I want to say thank you, to all you folks who have stuck by Milkmoon, despite this most sparse years of all. There is still more to be told here, and I am not done yet. So here's to 2014, and all that it brings.
So, Happy New Year to you all,
may 2014 bring you Enough.
Sending love to you wherever in the world you may be.
Picks me up by my tail and whirls me around a bit, then deposits me somewhere unexpected and never-seen-before, and so, a bit ruffled, and maybe even somewhat bedraggled, I pick myself up and dust myself off, check for injuries, and then Proceed With Caution. It doesn't happen very often in life that there is a significant change, I mean, a really, really big one. Usually it's the slow meander along the winding little pathways, with occasional wanderings off into dead ends and loop-the-loops which bring you right back to where you started. And there are lovely woodlands along the way, with leafy green and yellow light dancing up there above you, and sometimes there are banks of the sweetest flowers nodding their heads in the balmy breeze, and sometimes there are puddles of muddy water you have to wade through in your favourite shoes, or stones that trip you up or find their way into your shoe and hurt your feet. But sometimes it turns out that the little beaten track you are on suddenly opens up into Wonder, a great grassy plain with a smooth road and the sea sparkling in the distance, and suddenly everything feels Right, and Good, and you find yourself skipping along, kicking up your heels and skirts, and warmth blooms in your heart.
Sometimes Life amazes me.
And I find myself doing something I could never have dreamt of, only a few months ago. And the phrase, In My Element, suddenly has meaning.
A few months before we moved to this town we began meeting weekly with a bunch of rather splendid folks who had a rather splendid idea about what this town needs, and so, we have spent almost a year now, talking talking talking about just what that might be, and slowly something began to take shape, and then it began to grow, and to our collective amazement we are now in the midst of Something Splendid that is now fluttering out there, above our heads, stretching it's gossamer wings and testing the air.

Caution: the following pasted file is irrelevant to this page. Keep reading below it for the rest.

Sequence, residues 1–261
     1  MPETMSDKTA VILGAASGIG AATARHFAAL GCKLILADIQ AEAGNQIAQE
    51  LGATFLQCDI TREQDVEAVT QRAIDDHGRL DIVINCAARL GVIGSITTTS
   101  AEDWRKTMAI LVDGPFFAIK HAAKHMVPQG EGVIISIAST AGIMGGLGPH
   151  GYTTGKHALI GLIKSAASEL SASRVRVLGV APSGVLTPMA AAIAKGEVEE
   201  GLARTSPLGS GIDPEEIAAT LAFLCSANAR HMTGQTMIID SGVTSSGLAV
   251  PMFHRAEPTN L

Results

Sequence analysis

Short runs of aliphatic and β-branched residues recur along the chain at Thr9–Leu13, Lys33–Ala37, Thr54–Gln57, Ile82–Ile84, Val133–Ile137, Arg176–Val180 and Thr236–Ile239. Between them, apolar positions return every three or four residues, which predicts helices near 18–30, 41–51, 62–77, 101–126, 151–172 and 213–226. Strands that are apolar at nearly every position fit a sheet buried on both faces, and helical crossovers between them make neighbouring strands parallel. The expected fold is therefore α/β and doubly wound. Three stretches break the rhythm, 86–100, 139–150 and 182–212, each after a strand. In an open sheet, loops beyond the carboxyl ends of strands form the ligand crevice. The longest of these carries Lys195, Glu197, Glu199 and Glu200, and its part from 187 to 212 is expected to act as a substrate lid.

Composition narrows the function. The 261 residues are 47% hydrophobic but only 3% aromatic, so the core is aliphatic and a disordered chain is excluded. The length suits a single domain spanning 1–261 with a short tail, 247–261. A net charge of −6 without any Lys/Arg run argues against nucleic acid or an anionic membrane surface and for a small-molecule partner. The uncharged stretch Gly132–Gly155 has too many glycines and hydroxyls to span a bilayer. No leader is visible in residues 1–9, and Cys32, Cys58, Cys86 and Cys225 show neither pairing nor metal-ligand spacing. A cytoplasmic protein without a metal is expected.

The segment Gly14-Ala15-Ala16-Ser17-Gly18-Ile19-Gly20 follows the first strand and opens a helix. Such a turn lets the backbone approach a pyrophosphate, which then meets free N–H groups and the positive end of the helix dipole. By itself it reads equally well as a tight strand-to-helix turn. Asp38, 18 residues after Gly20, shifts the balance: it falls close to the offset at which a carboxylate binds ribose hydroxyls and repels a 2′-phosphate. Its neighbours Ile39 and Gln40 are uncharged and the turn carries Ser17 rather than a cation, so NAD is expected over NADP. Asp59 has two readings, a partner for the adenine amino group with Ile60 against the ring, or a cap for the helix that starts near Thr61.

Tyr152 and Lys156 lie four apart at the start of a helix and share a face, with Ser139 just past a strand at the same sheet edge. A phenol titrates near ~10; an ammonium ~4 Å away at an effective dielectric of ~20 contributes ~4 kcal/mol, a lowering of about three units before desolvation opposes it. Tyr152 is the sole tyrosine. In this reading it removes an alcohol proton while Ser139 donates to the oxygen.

We have no idea where it will take us, or what it will bring, but it is exciting and inspiring, and speaking in a voice that, it turns out, many people can, and want to, hear.
We are part of a growing community co-operative that is still finding that voice, but that is strong and clear and determined. We started out as a wholefood buying club, and then we put on an event, a vegetarian feast with music and dancing and singing, and we started to tell people about what we were doing, and all around us these little lights began to go on, in people's eyes and hearts, as they listened to what we were saying, and they began to add their voices too, and now we find ourselves here, with a gathering crowd of good intentioned, hopeful folks who know that this is the way forward. Sharing our resources, our skills, our experience, sharing those tender seedling ideas that we carry around in our hearts, sometimes for years, not knowing what to do to help it grow, because some things need more than one person to develop and grow into that wondrous something that has untold potential. But then, when we gather together, and begin to talk, magic happens, things do begin to grow, and faster than you could have imagined. And we all realise that it is possible to do things differently than we are told. It is possible to do business another way, that things don't always have to involve money, or multinational companies, or foreign businesses, that we have everything we need right here on our doorstep. We have the community we need, right here in our town. And you know what? So do you!
The most exciting thing we have discovered is that as soon as you begin to speak, to ask for what you need, you find it's right there, down the street from you, in your community, and it has been all along. There is a network of amazing people all around you who want the same things for themselves and their families that you do, and all you need is a place to come together to talk. A Common Ground to talk about the common ground you share, the back to basics, real, stuff, like how to feed your family, how to provide a real and rich experience for your children of what the world really is, and how people really do want to help one another, because it benefits us all, in the end. And in doing so, we discover how to pare away the unnecessary, stifling, consumer mentality we are all infected with, and to get real again, connect with people in a heartfelt way that brings untold riches of the kind we haven't felt since childhood.
Last Saturday evening we hosted another event, this time a pop-up restaurant, a seated, four course, vegetarian meal for 30 folks, in a studio in what was once a factory that made the rather famous Beverley Bags in the 50's and 60's, and I found myself In My Element. Seeing all these people, many of them strangers to one another, gathered together and talking talking talking, connecting, sharing food and drink and laughter, stories and ideas and intentions, well, I thought my heart would burst with happiness.